About the Word:

Many of us assume that the state of information technology in the early 1950s was essentially nonexistent. But the seeds of the modern Internet Age were already sown, as evidenced by the fact that the first recorded use of the word online ("connected to, served by, or available through a system and especially a computer or telecommunications system") dates to 1950.

Earliest Known Usage:

1904

Example:

"Stock up with Yoo-Hoo! Either regular Yoo-Hoo CHOCOLATE ENERGY DRINK or SUGAR-FREE YOO-HOO!" - advertisement, Fitchburg (Massachusetts) Sentinel, 1968

About the Word:

Energy drinks, those elixirs that are purported to restore our vim and vigor, are not a terribly new invention; they have been making outlandish claims for over a century now. In 1904, Vimalt (which was described by its makers as "the great health tonic") was advertised as "an energy drink" in newspapers, with the claim that "it makes muscle, energy, nerve, and drive."

Earliest Known Usage:

in use as a verb since the 13th century.

Example:

"When vice makes mercy, mercy's so extended, that for the fault's love is the offender friended." - William Shakespeare, Measure for Measure, 1623

About the Word:

Friend as a verb has attracted considerable attention in recent years because of its role in social media, where it refers to 'clicking a button on a computer screen to indicate that I do not hate a person.' (That's an informal gloss; the actual Merriam-Webster definition is "to include (someone) in a list of designated friends on a person's social networking site.") Its use as a verb is widely viewed as a modern phenomenon, but friend has occupied this part of speech (in the sense "to act as the friend of") for almost 800 years now.

Earliest Known Usage:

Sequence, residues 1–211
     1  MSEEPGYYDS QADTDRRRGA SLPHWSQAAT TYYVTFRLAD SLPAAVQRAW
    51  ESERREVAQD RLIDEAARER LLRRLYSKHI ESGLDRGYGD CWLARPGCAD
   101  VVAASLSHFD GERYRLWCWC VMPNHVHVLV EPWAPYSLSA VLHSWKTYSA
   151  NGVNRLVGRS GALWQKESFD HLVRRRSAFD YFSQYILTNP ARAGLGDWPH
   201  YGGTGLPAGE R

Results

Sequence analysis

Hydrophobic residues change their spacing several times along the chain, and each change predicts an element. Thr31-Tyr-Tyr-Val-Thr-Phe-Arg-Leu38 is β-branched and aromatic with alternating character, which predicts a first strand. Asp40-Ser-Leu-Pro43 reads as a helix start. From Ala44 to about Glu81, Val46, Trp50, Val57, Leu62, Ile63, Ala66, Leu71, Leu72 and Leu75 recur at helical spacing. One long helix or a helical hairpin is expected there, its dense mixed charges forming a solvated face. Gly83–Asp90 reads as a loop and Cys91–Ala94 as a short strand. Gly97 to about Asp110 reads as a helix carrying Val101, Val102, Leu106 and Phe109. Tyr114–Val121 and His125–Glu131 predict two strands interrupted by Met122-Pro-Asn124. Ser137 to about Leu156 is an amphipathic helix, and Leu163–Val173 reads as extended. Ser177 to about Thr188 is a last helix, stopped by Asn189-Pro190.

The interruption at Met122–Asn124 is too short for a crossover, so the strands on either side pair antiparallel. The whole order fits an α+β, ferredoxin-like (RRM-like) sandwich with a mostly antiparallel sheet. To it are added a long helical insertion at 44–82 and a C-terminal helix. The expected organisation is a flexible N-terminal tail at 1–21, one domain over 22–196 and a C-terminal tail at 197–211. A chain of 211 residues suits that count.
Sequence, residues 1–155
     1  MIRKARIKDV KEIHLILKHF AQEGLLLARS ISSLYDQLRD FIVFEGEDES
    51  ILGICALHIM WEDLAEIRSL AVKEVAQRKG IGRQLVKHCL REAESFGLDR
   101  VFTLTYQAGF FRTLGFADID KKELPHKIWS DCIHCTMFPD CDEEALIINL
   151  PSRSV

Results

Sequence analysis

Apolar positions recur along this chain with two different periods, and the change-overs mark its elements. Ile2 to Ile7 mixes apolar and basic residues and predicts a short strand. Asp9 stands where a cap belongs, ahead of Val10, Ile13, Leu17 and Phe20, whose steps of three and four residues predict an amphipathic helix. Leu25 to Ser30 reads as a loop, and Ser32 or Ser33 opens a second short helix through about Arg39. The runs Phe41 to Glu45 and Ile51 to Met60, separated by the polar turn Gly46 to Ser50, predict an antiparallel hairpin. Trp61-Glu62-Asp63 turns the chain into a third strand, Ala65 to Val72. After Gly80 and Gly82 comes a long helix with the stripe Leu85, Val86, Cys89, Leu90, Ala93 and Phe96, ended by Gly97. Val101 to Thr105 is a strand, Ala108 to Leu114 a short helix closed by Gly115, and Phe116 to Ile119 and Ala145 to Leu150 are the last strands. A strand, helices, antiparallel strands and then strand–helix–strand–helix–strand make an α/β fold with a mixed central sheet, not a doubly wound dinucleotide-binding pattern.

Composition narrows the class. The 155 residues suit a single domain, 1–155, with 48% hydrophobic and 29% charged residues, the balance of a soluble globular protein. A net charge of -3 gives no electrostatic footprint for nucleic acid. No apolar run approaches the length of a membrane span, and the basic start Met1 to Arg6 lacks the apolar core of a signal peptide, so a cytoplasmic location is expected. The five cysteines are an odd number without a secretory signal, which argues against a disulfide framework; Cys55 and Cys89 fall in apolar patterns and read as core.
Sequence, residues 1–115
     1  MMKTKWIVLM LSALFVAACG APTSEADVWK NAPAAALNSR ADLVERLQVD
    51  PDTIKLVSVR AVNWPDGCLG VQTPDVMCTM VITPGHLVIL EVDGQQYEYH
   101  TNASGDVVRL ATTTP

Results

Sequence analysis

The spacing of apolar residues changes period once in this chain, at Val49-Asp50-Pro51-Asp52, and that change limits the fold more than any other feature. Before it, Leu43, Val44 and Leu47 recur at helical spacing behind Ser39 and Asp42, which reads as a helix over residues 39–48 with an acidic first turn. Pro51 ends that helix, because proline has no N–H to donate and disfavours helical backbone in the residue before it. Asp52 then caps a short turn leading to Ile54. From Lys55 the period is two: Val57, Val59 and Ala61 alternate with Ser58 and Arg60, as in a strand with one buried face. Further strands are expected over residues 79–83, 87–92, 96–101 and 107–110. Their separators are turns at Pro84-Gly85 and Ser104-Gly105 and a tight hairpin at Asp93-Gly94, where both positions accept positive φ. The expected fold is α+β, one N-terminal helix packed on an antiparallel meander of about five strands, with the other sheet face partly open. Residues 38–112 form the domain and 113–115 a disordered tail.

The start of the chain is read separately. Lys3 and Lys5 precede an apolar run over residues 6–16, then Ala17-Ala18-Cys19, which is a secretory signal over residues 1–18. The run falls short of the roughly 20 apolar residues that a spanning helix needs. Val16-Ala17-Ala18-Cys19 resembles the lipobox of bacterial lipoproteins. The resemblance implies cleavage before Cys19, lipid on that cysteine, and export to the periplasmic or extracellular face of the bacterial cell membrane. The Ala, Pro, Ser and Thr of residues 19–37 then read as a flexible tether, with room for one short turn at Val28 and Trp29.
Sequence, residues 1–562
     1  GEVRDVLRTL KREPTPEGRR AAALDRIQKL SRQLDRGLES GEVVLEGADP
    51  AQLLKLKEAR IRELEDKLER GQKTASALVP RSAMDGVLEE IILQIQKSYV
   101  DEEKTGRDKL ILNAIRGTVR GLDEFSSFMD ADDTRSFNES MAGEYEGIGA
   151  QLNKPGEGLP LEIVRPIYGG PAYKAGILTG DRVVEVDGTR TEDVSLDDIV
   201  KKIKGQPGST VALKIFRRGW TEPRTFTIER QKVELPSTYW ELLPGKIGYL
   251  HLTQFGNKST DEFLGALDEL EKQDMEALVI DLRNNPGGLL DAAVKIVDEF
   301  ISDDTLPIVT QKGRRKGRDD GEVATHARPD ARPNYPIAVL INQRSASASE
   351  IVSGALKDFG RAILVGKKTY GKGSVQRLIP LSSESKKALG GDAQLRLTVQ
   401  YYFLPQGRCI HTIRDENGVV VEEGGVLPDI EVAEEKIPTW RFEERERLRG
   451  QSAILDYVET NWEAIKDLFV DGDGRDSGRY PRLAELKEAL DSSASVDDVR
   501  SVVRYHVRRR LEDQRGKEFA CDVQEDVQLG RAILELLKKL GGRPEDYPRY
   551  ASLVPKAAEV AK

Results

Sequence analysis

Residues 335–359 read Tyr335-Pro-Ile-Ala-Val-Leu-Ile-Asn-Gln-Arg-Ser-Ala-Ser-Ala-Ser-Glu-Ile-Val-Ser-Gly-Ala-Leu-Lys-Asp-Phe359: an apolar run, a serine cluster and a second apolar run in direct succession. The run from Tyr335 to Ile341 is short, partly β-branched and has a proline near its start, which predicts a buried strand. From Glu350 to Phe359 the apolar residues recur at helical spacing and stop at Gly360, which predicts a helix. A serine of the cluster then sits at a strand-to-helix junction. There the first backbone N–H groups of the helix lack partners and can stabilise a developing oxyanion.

1945

Example:

"Simpson cognoscenti have been exclaiming 'd'oh!' for years, but the multipurpose expletive has begun to work its way into common parlance..." - Elinor Brecher, Milwaukee Journal Sentinel, 1997

About the Word:

Although d'oh has been popularized (some would say immortalized) by Homer Simpson's repeated use of the interjection to respond to any one of numerous indignities or injuries, the word predates the television show on which it appears by several decades. The Oxford English Dictionary provides evidence of the word's use from a BBC radio script from 1945. And since interjections occur in spoken form before they are written down, it is likely that d'oh! was in use for some while before that.

Wiretap
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Earliest Known Usage:

1902

Example:

"Didn't we use to work the Frisco beaches together? And follow the ponies up and down the East Coast? And wiretap ... and do every breed of crooked work a guy could grift on?" - Arthur Stringer, Saturday Evening Post, February 8, 1913

About the Word:

For almost as long as we have had the means of having conversations through electrical signals we have had people who would like to eavesdrop on those conversations. The noun wiretap has been in use since 1902, in the early days of the telephone. The gerund wire-tapping has been in use since the 1870s, when it was used to describe the practice of illicitly recording telegraph messages.